“Mediation” means a process, irrespective of the expression used or the basis upon which the process is carried out, whereby parties attempt to reach an amicable settlement of their dispute with the assistance of a third person or persons (“the mediator”) lacking the authority to impose a solution upon the parties to the dispute.
Some recent treaty practice also reflects this growing popularity of ISM dispute settlement mechanisms. Unlike the older bilateral investment treaties (BITs) and even some newer investment chapters in Free Trade Agreements (FTAs), the newest generation of such international investment agreements (IIAs) often have express references to mediation and conciliation. However, even when they do, almost all IIAs only make such third-party procedures voluntary; foreign investors and host states would have to agree later and separately to try mediation.
Out of over 3000 IIAs world-wide, it seems that only two treaties – the Hong-Kong – United Arab Emirates BIT (HK-UAE) and Indonesia-Australia Comprehensive Economic Partnership Agreement (IA-CEPA) FTA, both signed in 2019 – provide instead for mandatory conciliation as a pre-condition to arbitration. However, under both treaties, conciliation becomes mandatory only for the claimant investor, not for the respondent state.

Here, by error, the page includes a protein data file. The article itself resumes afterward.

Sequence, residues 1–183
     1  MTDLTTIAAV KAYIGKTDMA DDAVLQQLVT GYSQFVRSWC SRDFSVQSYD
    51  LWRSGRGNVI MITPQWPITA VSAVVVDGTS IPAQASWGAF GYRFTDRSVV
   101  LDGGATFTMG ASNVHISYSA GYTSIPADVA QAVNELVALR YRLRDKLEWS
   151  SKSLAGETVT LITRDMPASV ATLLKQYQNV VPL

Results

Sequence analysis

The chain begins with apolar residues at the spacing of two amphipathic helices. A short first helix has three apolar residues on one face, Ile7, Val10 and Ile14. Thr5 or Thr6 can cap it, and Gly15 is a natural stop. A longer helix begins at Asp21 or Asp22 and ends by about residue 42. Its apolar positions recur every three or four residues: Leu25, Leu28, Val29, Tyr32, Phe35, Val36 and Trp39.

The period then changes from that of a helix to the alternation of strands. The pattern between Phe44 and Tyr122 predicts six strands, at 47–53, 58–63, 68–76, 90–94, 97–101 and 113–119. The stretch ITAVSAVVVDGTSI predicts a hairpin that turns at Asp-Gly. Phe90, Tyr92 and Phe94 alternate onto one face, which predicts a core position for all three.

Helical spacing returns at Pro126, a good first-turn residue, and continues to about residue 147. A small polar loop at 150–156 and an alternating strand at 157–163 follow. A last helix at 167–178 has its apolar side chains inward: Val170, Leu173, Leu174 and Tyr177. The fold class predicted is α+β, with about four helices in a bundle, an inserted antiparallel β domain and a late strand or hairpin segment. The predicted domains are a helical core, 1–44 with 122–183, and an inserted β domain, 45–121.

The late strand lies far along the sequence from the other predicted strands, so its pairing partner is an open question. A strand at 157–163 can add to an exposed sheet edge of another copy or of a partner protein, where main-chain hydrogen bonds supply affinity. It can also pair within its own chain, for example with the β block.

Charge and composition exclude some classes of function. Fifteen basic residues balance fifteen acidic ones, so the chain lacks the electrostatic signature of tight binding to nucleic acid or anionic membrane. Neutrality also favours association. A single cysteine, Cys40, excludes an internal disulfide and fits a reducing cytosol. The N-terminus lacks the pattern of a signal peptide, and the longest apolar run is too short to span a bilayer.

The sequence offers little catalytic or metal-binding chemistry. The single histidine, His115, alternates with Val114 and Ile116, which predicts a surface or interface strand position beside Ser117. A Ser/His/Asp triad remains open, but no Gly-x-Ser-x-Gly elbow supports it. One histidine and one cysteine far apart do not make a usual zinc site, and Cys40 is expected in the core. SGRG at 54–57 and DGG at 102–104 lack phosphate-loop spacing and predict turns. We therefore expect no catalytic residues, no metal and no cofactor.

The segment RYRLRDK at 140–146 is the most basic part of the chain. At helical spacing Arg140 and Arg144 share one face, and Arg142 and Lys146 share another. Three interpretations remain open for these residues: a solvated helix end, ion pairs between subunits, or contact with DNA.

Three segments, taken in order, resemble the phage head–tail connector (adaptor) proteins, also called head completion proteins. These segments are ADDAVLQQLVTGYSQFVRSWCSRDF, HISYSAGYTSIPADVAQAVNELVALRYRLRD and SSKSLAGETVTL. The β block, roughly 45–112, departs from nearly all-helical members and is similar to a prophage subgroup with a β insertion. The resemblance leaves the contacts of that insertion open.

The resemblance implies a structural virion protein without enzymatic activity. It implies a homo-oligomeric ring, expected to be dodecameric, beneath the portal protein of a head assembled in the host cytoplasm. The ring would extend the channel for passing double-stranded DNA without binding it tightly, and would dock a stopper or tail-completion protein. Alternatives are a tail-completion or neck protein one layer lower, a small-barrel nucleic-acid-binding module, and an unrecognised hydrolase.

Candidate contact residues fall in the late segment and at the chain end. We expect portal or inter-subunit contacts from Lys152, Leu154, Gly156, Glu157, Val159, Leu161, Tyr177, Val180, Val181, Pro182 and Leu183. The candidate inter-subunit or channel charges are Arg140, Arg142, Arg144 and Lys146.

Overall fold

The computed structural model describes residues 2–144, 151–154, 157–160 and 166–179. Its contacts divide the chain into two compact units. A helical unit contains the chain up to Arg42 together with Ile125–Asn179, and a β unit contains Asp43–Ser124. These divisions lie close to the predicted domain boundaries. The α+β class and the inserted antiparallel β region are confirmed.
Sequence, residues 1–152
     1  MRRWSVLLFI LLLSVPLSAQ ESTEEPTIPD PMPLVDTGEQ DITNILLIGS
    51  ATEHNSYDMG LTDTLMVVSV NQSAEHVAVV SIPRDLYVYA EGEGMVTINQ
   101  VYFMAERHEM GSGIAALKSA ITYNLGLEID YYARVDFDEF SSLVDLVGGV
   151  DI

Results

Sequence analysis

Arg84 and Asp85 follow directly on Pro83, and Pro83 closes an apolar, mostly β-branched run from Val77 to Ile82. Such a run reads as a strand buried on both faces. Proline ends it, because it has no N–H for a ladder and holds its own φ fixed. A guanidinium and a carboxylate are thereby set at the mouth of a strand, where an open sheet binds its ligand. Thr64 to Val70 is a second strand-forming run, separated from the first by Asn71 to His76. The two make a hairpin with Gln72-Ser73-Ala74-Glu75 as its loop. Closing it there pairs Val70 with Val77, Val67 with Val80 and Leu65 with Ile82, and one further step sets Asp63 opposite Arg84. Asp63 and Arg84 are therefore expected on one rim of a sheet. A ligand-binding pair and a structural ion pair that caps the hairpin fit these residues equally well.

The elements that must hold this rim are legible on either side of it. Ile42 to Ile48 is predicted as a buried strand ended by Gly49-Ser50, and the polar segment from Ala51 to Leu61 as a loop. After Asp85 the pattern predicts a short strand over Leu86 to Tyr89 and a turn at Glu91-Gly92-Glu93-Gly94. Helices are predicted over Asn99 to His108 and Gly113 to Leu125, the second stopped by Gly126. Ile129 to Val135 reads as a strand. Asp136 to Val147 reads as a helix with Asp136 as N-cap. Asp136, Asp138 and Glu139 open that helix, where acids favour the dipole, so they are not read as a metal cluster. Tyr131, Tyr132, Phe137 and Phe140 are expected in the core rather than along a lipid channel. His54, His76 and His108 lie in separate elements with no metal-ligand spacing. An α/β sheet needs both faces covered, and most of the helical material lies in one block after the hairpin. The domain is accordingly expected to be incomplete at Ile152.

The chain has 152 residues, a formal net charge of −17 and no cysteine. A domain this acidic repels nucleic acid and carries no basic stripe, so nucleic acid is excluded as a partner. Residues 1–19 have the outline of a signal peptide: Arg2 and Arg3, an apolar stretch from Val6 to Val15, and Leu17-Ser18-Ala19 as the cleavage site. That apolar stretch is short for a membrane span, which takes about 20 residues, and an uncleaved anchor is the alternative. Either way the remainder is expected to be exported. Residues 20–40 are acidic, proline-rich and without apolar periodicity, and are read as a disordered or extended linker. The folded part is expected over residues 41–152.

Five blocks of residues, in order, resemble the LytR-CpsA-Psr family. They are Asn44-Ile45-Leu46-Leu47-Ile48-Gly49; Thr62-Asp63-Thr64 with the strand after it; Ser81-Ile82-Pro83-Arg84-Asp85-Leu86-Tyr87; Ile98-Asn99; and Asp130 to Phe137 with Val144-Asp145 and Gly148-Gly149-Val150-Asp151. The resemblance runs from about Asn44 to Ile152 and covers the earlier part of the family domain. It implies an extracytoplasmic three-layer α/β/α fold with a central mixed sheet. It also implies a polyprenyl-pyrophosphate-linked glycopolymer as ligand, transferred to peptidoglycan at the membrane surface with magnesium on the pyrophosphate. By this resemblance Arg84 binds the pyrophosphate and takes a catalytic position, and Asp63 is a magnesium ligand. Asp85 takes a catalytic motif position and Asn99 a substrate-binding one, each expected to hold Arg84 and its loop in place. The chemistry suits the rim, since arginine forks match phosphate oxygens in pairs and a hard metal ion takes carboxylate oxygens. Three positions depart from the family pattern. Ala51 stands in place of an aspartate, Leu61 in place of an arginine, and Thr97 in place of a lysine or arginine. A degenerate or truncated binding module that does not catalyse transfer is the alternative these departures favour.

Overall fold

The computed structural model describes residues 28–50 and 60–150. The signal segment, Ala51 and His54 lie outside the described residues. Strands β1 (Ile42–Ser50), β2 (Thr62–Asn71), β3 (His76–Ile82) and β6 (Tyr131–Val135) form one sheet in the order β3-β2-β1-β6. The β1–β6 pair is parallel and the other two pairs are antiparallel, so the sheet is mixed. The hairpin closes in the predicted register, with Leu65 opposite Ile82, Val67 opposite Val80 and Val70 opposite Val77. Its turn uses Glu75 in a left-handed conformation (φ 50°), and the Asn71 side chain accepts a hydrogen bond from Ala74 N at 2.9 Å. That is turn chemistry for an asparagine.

HK-UAE BIT has a three-tier dispute resolution system: amicable settlement through standard consultations (direct negotiations) during a specified cooling-off period, an additional conciliation step before arbitration (if requested by the host state), and finally investor-state arbitration through the relevant arbitration rules of ICSID, UNCITRAL or the Stockholm Chamber of Commerce. Article 8(3) stipulates:
When required by the Contracting Party, if the dispute cannot be settled amicably within six months from the date of receipt of the written notice, it shall be submitted to the competent authorities of that Contracting Party or arbitration centres thereof, for conciliation.